Charlize Theron has been doing the press circuit after a three-year hiatus, and she might be a little rusty as an interview. But we're not complaining --- her acting certainly hasn't suffered for the time off.

The Oscar-winning actress has been promoting her latest film, Young Adult, and gearing up for what could be a busy awards season. Theron is pretty close to a lock for a Best Actress Golden Globe nomination in the Musical or Comedy category, and though the Oscar competition is stiff, Theron's performance as stunted adolescent Mavis Gary is earning rave reviews across the board.

During an interview with Ann Curry on Today, Theron talked about her (surprising) early influences, and the evolution of roles for women over the last few decades.

There was something interesting about watching a woman in her mid-thirties...dealing with things that we all know, but dealing with them like a 16-year-old, she said of her character in Young Adult, which shattered conventions about the role of a leading lady.

I think the things that she does are despicable, Theron went on. But there was something about her that felt very human to me....This is a character that I think holds a mirror to the things that are maybe not so attractive about us.

The conversation then took a curious turn: Curry asked Theron if she intentionally sought out Bob Deniro-like characters.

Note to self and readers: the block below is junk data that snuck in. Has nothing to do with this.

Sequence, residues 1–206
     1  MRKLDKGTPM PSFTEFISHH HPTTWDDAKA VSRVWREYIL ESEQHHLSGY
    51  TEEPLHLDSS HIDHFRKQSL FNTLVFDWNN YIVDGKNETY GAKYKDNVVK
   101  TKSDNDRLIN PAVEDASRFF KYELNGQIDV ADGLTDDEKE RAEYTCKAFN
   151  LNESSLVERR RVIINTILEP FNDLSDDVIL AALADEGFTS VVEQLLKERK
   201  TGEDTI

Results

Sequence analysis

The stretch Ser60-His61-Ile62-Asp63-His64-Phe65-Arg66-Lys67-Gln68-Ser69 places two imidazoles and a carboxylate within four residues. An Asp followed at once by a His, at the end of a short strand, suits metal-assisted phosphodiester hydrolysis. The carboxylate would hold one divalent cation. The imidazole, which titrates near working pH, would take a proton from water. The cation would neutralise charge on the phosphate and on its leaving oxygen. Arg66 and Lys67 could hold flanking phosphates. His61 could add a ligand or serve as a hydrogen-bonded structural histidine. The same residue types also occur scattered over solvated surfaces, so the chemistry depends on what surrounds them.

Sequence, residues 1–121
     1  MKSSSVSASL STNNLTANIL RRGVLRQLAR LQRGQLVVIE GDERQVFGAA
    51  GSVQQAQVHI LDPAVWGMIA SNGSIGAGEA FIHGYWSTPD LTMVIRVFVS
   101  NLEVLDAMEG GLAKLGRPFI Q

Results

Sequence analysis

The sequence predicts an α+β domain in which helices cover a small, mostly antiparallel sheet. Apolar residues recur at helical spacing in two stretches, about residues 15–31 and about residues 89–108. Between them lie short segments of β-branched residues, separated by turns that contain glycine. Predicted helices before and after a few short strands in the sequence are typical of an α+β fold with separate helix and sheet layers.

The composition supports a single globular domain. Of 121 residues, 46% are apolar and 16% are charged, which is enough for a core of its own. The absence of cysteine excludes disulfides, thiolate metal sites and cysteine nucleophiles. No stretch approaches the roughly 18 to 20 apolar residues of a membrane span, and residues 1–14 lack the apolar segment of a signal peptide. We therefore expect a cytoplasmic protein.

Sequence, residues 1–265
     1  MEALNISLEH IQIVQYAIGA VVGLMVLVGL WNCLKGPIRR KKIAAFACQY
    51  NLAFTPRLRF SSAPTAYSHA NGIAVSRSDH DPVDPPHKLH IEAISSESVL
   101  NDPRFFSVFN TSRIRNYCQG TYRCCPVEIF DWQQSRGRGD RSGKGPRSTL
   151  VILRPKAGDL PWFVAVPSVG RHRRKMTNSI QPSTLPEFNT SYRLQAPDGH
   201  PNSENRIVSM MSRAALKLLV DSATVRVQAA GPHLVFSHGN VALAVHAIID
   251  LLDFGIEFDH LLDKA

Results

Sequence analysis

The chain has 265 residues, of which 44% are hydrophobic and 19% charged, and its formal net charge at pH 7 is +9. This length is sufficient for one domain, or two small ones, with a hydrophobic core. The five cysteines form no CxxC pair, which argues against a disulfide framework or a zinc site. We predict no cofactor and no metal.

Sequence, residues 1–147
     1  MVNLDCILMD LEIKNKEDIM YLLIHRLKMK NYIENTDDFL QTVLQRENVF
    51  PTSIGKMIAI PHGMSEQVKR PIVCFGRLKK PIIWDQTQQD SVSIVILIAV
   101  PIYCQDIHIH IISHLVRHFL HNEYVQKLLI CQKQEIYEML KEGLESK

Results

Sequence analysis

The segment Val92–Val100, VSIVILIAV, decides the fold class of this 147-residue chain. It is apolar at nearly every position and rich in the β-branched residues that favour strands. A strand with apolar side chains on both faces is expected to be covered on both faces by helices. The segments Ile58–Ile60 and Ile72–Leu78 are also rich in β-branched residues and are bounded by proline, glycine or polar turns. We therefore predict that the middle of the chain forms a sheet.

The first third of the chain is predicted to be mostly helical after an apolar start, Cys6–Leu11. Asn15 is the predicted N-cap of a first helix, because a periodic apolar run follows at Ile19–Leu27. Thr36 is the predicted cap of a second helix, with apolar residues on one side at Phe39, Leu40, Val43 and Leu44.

Theron barely missed a beat, which makes us wonder if we're missing something.

I don't know exactly how it works...that's the career I wanted for myself. I grew up on 70's film...I looked at what Gene Hackman and Dustin Hoffman and DeNiro did, Charlize said. Those are the characters I just relished. It was very rare.

I think women in the 70's got to do that, too, she added before changing the subject.

I think we are slowly waking up to the idea of understanding that women are not just the two extremities...I think there's a massive grey zone when it comes to us and I think we're sometimes more complex...and layered than men are. And I think, slowly, film is coming around to show these women.

Okay. Moving on, Charlize appeared on the Ellen show a few days later, where she discussed navigating life as a single woman for the first time in her adult life.

I haven't been single since, like, 19. After making a joke about being sad and pitiful, Charlize insisted, It's actually been a nice experience for me...I'm really enjoying it. I think I'm a bit of a creature that is definitely comfortable in a relationship...but I'm really enjoying being on my own.

Ellen then suggested that it must be hard for men to approach Charlize, who responded, you can't date like normal people, because as soon as you're seen with someone, it becomes blown out of proportion in the media.

Then it's not casual dating anymore, Theron said. You can't suss the guy out.

When Ellen asked if Charlize had been on any dates recently, she become a bit tongue-twisted.

Maybe a tiny date, Theron said after some prompting from Ellen, who asked her what a tiny date was.

Theron said it was coffee, but later explained that the coffee date needed to happen at someone's home, because of the threat of paparazzi.

So you're going to his house or he's coming to your house for coffee? That's not a tiny date, Ellen challenged.

In my world, that's a tiny date, Theron said.

Theron dated actor Stuart Townsend for nearly a decade - the relationship ended in 2010. Prior to that, she dated Stephan Jenkins of Third Eye Blind.

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